POSTED: 1:30 a.m. HST, Apr 10, 2011
The effects of the recession are playing out in the thrift store, where volunteers are seeing a surge of customers looking for bargains, fewer donations of high-end items and more people shoving dollar items under their jackets and running out without paying.
The Assistance League of Hawaii is celebrating its 40th anniversary this month, and members say their work is needed more than ever. The charitable organization runs four major programs, including free one-on-one tutoring at public schools and Operation School Bell, which provides new school clothes for hundreds of children in Hawaii every year. The money for their work comes primarily through their thrift store, 1505 Young St., run solely by volunteers.
"With so many more customers shopping, we've had to increase the number of volunteers members to staff the store each day," said Assistance League member Louise Samuel. "Sales have never been better."
Needs have never been greater, either. Each year, the organization provides new jeans, shirts, socks, shoes and underwear to needy children. This year, 1,500 Hawaii kids were served by Operation School Bell, an idea that came from an Assistance League founder, a teacher who believed that kids' self-esteem and focus improved if they had neat, clean clothes for school. Recently, some teachers have told Assistance League members that they keep the new clothing at school for certain students "because if the kids took them home, the parents would sell the clothes for drug money," said Assistance League member Dot Mason.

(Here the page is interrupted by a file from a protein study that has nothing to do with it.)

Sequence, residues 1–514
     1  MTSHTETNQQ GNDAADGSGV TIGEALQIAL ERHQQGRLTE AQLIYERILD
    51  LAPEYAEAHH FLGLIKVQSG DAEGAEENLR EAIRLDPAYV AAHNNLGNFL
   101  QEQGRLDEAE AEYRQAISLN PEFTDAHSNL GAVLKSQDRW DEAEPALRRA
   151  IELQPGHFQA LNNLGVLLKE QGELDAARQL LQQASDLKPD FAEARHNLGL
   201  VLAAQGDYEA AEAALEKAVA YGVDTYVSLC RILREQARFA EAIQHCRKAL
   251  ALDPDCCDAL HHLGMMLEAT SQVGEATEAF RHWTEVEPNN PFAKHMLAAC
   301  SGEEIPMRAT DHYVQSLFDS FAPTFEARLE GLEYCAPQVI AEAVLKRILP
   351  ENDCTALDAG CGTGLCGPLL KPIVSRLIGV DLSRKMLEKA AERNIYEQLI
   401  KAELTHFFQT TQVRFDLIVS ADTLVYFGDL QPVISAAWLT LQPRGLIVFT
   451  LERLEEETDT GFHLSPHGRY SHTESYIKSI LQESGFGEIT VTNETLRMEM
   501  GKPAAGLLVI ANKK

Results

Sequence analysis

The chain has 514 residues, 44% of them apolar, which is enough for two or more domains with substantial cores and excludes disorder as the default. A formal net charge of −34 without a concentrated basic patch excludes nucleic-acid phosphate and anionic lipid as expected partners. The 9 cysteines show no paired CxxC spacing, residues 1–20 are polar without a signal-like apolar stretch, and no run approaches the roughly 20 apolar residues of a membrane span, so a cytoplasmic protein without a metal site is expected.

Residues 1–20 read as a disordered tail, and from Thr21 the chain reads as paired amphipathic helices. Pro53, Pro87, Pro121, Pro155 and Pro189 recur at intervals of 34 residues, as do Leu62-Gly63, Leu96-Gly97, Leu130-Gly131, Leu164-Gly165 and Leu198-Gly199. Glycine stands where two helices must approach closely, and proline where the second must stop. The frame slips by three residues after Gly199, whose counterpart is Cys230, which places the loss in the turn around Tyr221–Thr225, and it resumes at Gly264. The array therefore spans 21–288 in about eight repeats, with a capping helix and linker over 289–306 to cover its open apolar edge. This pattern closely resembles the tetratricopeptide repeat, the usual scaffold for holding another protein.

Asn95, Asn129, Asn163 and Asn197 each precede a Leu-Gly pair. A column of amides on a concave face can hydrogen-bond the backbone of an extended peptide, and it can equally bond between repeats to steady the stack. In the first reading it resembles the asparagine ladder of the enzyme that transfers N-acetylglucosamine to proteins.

Rather than discouraging their efforts, this sort of story only convinces League members that the kids need them more than ever.
They get thank-you notes from the children every year, some so heartbreakingly earnest that it makes it all worthwhile. One boy thanked them for the new shoes and for the box they came in. He had never owned shoes that came in a box before, and he vowed to take good care of both the shoes and the box.
At the thrift store, they're seeing even well-heeled donors affected by the economy.
"There are fewer high-end, expensive items being dropped off in our donation bins. We surmise that some donors are choosing to hold on to many of their beautiful clothes, purses, shoes and other fine items rather than donate them to the thrift store and then head for the mall or other upscale stores to shop for replacements," Samuels said. "Many people are making do with what they have. Aren't we all?
In celebration of its 40 years of helping the community, the Assistance League is planning specials in its thrift store through the month of April. Go to www.hawaii.assistanceleague.org for updates.
Lee Cataluna can be reached at email@example.com.